Tony Ortega wants people to attend his book signing this Sunday at the Neighborhood Community Center in Costa Mesa. It's a homecoming for the editor of progressive website the Raw Story–he's a graduate of Savanna High School in Anaheim, lived in Fullerton and Buena Park, and got his bachelor's and master's degrees in English from Cal State Fullerton. His book, The Unbreakable Miss Lovely: How the Church of Scientology Tried to Destroy Paulette Cooper, is already receiving rave reviews for its well-written, wonderfully reported narrative about one of the first journalists to take on the controversial religion. Still riding a wave of publicity based on his insightful commentary for the HBO Scientology documentary, Going Clear: Scientology and the Prison of Belief, Ortega expects the local appearance (sponsored by the Center for Inquiry Orange County) to be a great one, especially since Paulette Cooper herself will join him.
But, really, Ortega is more excited about where he and Cooper are going to be Sunday morning, just before their Costa Mesa appearance: at the Steve Allen Theater in Hollywood.
"It's two blocks from Big Blue," he says with awe, referring to Scientology's West Coast headquarters. "It's where the FBI raided in 1977 and found the documents that showed Scientology had been harassing Paulette for years. And now, she's going to be there. She's really brave doing this!"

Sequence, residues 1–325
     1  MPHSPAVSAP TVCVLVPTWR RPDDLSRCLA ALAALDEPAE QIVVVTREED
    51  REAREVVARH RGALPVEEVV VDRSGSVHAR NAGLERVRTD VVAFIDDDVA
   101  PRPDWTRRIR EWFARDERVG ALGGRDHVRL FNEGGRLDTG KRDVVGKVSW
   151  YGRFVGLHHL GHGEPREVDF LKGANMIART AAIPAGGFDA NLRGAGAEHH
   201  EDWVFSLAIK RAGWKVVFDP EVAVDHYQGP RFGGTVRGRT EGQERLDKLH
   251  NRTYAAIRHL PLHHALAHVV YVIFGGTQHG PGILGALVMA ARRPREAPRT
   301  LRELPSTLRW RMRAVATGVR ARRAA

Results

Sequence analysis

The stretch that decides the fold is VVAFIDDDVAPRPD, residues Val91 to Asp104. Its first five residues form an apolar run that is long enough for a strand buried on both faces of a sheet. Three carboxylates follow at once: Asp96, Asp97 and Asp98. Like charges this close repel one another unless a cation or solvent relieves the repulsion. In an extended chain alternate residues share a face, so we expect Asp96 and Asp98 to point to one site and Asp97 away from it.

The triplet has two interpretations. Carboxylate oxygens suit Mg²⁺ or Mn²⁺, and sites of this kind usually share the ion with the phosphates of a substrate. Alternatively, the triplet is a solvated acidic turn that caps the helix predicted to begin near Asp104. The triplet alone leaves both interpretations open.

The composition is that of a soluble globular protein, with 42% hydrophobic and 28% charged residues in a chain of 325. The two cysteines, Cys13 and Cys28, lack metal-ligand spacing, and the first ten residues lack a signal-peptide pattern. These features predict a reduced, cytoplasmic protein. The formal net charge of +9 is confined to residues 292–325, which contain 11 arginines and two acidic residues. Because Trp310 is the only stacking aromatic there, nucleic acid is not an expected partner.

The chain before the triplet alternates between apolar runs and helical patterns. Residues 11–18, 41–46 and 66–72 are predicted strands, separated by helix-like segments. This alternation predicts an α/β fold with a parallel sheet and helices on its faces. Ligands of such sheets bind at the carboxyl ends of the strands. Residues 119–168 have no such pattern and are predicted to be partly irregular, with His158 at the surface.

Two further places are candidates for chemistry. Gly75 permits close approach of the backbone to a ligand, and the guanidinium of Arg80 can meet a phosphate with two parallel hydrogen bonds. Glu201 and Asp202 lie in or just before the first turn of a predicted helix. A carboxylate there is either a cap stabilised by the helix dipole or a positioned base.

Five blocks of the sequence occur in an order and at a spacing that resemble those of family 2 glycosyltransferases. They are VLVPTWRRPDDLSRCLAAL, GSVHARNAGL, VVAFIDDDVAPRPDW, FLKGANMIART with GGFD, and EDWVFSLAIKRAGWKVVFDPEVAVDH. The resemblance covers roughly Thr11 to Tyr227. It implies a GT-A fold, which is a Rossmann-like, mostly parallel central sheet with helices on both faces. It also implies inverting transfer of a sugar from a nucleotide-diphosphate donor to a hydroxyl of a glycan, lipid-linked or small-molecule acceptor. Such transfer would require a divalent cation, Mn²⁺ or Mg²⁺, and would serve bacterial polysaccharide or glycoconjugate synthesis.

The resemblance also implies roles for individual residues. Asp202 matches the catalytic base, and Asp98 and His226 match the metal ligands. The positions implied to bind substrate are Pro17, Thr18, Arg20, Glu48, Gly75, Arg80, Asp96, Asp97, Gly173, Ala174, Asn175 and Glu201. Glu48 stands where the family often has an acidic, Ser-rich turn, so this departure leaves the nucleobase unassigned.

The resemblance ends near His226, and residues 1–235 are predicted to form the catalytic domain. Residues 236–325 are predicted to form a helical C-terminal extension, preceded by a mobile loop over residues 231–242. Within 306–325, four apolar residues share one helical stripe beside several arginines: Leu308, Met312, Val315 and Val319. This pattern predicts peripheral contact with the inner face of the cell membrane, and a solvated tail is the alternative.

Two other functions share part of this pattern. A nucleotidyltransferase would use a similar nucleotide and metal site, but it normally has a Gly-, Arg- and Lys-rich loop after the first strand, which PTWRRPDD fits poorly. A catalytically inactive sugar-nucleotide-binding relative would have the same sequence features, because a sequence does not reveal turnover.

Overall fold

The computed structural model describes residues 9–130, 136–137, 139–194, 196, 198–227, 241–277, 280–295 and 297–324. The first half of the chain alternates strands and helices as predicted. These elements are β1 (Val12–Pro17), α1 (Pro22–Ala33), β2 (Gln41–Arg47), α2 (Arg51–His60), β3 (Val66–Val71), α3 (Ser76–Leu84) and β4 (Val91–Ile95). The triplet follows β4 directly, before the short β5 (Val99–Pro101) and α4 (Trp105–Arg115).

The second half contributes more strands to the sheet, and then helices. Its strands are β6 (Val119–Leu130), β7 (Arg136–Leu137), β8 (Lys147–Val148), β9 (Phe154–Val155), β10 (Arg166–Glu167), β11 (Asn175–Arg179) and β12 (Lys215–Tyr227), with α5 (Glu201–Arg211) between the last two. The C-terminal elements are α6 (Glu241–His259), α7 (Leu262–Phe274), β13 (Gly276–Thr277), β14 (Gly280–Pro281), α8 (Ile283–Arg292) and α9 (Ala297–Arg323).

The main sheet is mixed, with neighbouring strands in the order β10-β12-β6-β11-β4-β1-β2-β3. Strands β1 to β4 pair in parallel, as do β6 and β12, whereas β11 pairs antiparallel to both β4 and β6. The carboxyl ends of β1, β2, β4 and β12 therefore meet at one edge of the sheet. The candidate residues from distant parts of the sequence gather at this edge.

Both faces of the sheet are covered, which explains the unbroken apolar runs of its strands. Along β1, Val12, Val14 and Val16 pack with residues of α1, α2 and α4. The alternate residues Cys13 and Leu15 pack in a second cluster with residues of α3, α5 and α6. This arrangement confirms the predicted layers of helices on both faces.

Doggedly pursuing a story is a trademark of Ortega's; he's an award-winning reporter and editor who spent most of his career working for the chain that owns this infernal rag. He exposed hate groups in Southern California and Phoenix's infamous Sheriff Joe Arpaio, and investigated John Steinbeck's writings. But over the past five years, Ortega has emerged as one of the country's most-read writers about Scientology, frequently breaking news and driving the conversation as the religion has turned from a curiosity into a laughingstock.
"What attracts me to the story is that they're such bullies, and they get away with it all the time," Ortega says. "They have celebrities and unlimited funds. But a lot of people have left Scientology. They're really good people who join and just wanted to help the world, but they got caught up in this totalitarian organization that makes people's lives terrible if they leave. They push little people around. And that bugs me."
Ortega was fascinated by Scientology even before becoming a journalist. He remembers the hubbub surrounding the death of Scientology founder L. Ron Hubbard in 1986 while an undergrad at Cal State Fullerton. It was when he was preparing to leave for UC Santa Cruz that he came across an "amazing series" on Scientology by the Los Angeles Times that appeared in 1990. "The Church bought billboards around LA, cherrypicking quotes from those stories," Ortega says. "Because of that, I had a natural sort of interest about what it was all about."
He wouldn't get a chance to explore the subject until 1995, in his first year with the Phoenix New Times. Reading the Arizona Republic, Ortega came across a letter to the editor by a man attacking the daily for not disclosing his allegations that Scientology had orchestrated a civil lawsuit against him. It turned into Ortega's first cover story, "and one story led to another, one source led to another."